Year 1937 (MCMXXXVII) was a common year starting on Friday (link will display the full calendar) of the Gregorian calendar. ... Ralph Byrd (22 April 1909 - 18 August 1952) was an American Actor. ... Year 1938 (MCMXXXVIII) was a common year starting on Saturday (link will take you to calendar). ... Ralph Byrd (22 April 1909 - 18 August 1952) was an American Actor. ... Year 1939 (MCMXXXIX) was a common year starting on Sunday (link will display the full calendar) of the Gregorian calendar. ... For the movie, see 1941 (film). ... Year 1945 (MCMXLV) was a common year starting on Monday (link will display the full calendar). ... Year 1946 (MCMXLVI) was a common year starting on Tuesday (link will display full 1946 calendar) of the Gregorian calendar. ... Year 1947 (MCMXLVII) was a common year starting on Wednesday (link will display full 1947 calendar) of the Gregorian calendar. ... Year 1961 (MCMLXI) was a common year starting on Sunday (link will display full calendar) of the Gregorian calendar. ... Sloane in The Enforcer (1951 movie) Manhattan-born Everett Sloane (October 1, 1909 - August 6, 1965) was a television and movie actor. ... Melvin Jerome Blanc (May 30, 1908 – July 10, 1989) was a prolific American voice actor, performing on radio, in television commercials, and most famously, in hundreds of cartoon shorts for Warner Bros. ... Year 1967 (MCMLXVII) was a common year starting on Sunday and the summer of 1967 was known as The Summer of Peace and Love (link will display full calendar) of the 1967 Gregorian calendar. ... Raymond Arthur MacDonnell (born March 5, 1928 in Lawrence, Massachusetts) is an American actor, best known for his role as Dr. Joe Martin on All My Children. ... Year 1971 (MCMLXXI) was a common year starting on Friday (link will display full calendar) of the 1971 Gregorian calendar. ... Dick Tracy is a 1990 film based upon the Dick Tracy comic strip character created by Chester Gould. ... Year 1990 (MCMXC) was a common year starting on Monday (link displays the 1990 Gregorian calendar). ... Henry Warren Beatty (born March 30, 1937), better known as Warren Beatty, is an Academy Award and Golden Globe-winning American actor, producer, screenwriter, and director. ...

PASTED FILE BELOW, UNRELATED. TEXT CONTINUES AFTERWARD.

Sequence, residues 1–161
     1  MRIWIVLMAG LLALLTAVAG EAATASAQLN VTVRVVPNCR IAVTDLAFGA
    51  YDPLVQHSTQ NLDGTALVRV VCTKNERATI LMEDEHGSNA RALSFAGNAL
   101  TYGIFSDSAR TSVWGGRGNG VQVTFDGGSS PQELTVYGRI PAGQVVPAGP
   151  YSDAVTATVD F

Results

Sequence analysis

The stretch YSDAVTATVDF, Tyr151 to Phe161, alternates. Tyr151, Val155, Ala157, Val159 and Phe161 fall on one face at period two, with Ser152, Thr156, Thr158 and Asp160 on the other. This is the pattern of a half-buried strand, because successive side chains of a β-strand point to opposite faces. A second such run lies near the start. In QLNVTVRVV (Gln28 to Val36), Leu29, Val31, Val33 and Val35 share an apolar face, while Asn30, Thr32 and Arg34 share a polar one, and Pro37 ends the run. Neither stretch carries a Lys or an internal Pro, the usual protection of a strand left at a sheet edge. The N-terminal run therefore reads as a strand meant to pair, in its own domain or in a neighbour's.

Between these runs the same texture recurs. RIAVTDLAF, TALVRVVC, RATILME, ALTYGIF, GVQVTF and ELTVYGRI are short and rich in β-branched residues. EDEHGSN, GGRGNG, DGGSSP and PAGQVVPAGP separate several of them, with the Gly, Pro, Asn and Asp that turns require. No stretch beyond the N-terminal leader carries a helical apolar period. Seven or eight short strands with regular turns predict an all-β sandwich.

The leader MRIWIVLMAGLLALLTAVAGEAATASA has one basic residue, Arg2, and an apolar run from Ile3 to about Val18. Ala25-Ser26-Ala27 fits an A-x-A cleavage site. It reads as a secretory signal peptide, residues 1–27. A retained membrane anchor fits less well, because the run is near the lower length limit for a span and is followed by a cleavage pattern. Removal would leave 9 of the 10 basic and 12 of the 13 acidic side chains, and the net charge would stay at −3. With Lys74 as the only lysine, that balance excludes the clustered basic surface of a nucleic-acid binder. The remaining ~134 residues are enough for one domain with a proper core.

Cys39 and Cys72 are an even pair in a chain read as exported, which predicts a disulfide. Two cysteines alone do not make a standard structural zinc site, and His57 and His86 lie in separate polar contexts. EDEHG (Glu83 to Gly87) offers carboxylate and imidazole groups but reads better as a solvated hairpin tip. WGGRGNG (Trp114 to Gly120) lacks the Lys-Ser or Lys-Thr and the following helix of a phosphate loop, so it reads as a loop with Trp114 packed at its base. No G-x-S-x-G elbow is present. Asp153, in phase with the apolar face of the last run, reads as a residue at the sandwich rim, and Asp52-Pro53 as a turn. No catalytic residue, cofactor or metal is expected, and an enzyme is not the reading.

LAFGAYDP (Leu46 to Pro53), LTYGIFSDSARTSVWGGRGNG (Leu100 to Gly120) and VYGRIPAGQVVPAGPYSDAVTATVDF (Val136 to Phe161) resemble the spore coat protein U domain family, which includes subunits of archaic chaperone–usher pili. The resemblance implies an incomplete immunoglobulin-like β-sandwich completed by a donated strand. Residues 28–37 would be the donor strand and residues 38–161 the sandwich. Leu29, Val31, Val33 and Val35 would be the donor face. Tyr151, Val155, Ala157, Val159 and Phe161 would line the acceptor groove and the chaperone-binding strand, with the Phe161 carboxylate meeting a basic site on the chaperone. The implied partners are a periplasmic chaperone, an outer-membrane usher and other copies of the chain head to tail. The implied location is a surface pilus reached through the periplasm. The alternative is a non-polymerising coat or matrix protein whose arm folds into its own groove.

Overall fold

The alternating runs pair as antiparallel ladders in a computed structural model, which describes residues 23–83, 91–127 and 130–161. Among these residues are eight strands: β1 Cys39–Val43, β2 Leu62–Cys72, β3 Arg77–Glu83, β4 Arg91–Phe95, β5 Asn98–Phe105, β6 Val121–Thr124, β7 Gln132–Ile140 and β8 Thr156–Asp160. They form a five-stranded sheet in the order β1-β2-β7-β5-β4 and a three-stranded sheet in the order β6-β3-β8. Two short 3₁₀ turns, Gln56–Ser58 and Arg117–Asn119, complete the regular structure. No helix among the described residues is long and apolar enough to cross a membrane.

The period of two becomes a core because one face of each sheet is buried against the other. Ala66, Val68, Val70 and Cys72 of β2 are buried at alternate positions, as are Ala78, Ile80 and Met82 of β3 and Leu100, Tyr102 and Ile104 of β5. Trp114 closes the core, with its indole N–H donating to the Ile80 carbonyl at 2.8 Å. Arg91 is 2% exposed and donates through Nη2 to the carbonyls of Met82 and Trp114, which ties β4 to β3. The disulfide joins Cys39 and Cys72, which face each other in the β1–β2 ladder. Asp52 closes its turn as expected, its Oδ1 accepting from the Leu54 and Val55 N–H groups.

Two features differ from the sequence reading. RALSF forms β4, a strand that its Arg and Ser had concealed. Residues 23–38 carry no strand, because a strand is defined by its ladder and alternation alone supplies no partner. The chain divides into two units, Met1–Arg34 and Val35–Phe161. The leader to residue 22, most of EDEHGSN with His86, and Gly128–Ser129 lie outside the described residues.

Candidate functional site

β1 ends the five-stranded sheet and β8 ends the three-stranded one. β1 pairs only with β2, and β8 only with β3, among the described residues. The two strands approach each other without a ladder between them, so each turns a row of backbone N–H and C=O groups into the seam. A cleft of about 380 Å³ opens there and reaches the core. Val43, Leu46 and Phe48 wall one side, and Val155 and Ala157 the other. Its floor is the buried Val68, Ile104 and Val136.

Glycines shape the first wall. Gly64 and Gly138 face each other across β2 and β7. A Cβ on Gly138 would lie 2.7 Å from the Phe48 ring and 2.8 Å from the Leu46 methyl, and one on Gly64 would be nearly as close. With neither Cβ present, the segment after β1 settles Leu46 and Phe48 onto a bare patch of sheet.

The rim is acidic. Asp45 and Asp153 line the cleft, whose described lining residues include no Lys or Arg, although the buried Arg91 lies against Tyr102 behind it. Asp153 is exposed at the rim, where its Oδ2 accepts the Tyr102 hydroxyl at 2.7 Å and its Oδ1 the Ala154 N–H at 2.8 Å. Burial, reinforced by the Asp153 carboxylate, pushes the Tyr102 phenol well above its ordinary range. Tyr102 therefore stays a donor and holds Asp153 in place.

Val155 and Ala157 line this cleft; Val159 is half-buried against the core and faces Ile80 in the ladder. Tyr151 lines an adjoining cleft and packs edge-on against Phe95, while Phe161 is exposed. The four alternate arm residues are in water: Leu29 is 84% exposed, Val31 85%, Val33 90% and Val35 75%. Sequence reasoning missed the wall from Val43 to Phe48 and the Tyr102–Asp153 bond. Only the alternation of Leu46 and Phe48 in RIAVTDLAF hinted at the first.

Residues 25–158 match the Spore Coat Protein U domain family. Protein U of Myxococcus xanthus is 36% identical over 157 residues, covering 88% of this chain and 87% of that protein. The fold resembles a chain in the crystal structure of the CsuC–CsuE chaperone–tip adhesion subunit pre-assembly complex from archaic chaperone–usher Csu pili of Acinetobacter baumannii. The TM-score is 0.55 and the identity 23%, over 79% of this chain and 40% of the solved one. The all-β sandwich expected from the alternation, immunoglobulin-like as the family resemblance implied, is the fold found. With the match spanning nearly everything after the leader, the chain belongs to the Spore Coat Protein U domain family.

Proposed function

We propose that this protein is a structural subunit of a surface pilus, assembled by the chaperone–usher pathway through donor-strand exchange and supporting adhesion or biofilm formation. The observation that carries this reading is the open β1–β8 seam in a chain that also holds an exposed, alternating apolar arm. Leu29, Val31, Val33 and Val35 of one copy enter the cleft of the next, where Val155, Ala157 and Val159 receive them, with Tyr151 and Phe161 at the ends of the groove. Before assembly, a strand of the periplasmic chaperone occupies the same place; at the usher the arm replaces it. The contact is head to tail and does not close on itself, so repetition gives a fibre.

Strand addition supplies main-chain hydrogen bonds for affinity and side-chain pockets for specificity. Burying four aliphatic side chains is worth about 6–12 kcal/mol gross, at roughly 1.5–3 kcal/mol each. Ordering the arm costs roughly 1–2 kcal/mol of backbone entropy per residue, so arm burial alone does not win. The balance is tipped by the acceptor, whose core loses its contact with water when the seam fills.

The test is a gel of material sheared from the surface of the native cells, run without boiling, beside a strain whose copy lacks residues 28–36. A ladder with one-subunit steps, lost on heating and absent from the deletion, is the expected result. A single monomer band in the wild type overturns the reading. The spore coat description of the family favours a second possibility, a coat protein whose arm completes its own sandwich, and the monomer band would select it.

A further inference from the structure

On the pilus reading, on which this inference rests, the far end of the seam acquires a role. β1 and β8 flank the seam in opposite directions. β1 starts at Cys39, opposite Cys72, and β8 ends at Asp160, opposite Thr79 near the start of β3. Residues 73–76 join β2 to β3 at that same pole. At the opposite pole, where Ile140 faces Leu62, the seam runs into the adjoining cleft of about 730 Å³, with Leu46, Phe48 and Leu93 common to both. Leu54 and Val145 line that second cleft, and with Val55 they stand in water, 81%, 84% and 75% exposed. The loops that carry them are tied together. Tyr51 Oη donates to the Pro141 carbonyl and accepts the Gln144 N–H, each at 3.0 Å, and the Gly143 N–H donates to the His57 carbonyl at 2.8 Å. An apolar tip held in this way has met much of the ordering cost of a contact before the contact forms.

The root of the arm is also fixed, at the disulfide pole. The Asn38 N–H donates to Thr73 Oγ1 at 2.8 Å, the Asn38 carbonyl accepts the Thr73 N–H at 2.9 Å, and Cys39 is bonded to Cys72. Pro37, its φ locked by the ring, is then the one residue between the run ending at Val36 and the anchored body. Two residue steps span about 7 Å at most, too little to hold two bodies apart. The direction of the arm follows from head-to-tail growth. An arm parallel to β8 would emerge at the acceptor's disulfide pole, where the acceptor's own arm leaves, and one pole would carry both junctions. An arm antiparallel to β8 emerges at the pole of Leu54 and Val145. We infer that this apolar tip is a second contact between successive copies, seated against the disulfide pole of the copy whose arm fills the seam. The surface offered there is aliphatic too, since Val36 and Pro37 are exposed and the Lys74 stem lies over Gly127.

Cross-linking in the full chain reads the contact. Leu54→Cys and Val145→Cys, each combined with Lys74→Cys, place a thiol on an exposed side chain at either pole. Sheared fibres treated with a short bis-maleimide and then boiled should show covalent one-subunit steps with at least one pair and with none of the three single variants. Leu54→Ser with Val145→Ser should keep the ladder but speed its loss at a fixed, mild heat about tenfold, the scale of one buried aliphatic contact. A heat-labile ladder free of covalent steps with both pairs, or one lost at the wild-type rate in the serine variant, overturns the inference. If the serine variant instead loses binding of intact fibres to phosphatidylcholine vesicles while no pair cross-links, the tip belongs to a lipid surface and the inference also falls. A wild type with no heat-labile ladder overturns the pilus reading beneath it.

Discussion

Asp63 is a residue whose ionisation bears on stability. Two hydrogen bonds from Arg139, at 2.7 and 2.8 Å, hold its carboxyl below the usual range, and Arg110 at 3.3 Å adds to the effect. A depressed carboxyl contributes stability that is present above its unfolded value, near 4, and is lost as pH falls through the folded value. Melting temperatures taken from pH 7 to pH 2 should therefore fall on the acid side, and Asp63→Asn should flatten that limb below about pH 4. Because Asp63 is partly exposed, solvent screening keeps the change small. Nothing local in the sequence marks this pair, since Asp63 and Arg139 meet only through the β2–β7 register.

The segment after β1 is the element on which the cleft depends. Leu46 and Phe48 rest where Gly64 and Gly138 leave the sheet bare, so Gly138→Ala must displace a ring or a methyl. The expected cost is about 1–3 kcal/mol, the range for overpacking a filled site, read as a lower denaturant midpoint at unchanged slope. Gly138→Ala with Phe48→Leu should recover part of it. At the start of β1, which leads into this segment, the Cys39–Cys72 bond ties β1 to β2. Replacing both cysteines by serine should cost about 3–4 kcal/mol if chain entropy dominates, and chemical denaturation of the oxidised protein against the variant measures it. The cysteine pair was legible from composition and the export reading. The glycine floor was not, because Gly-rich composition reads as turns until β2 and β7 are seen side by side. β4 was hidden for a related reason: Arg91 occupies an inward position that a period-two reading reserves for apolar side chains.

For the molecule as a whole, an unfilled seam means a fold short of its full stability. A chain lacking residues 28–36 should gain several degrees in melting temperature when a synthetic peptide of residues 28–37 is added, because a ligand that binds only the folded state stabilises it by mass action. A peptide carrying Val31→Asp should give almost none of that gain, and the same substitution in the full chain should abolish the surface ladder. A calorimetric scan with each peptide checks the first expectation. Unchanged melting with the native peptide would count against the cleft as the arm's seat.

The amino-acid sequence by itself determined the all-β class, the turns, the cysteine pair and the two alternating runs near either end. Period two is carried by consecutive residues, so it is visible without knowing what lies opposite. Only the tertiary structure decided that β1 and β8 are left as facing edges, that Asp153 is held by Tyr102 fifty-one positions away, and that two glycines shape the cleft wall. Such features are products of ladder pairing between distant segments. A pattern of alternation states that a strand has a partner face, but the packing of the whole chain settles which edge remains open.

Trivia

Fearless Fosdick and Bomb Face, May 30, 1943
  • In Al Capp's Li'l Abner, there is a comic-in-the-comic detective called Fearless Fosdick, clearly modeled on Dick Tracy.
  • Many of the comic characters were based on local citizens of Woodstock, Illinois where Chester Gould wrote the majority of the strip. However, Gould modeled many characters after close associates like his publisher, Joseph Patterson, as Big Frost and even himself, as Pear-Shape Tone.
  • In an episode of Superman: The Animated Series which starred Gilbert Gottfried as imp Mr. Mxyzptlk, who comes literally out of the comic section Clark Kent is reading, look closely - one of the comic strips on the newspaper page is styled after Dick Tracy.
  • Dick Tracy's name was the inspiration for the name Dick Grayson, the first Robin
  • A Daffy Duck cartoon called The Great Piggy Bank Robbery spoofed Dick Tracy as "Duck Twacy".
  • Since the first appearance of Flattop, there has been some controversy between fans of the strip as to the ethnicity of the character. According to those who knew Gould, Flattop was intended to be a light-skinned African-American, but the inking and printing techniques of the day failed to convey this appearance to most readers. Max Allan Collins, however, has stated emphatically that Flattop was based on the real-life gangster Pretty Boy Floyd, who was white. Both Floyd and Flattop hailed from Oklahoma's Cookson Hills. In any event, in live-action film portrayals, the character has been depicted as white. In an episode of the early 1950s Tracy TV series based on the comic strip Flattop story, the character was played by John Cliff, a white actor. And when Warren Beatty included the character as one of Big Boy's henchmen, he appeared more racially white, with the type of red hair and features normally associated with the ginger stereotype.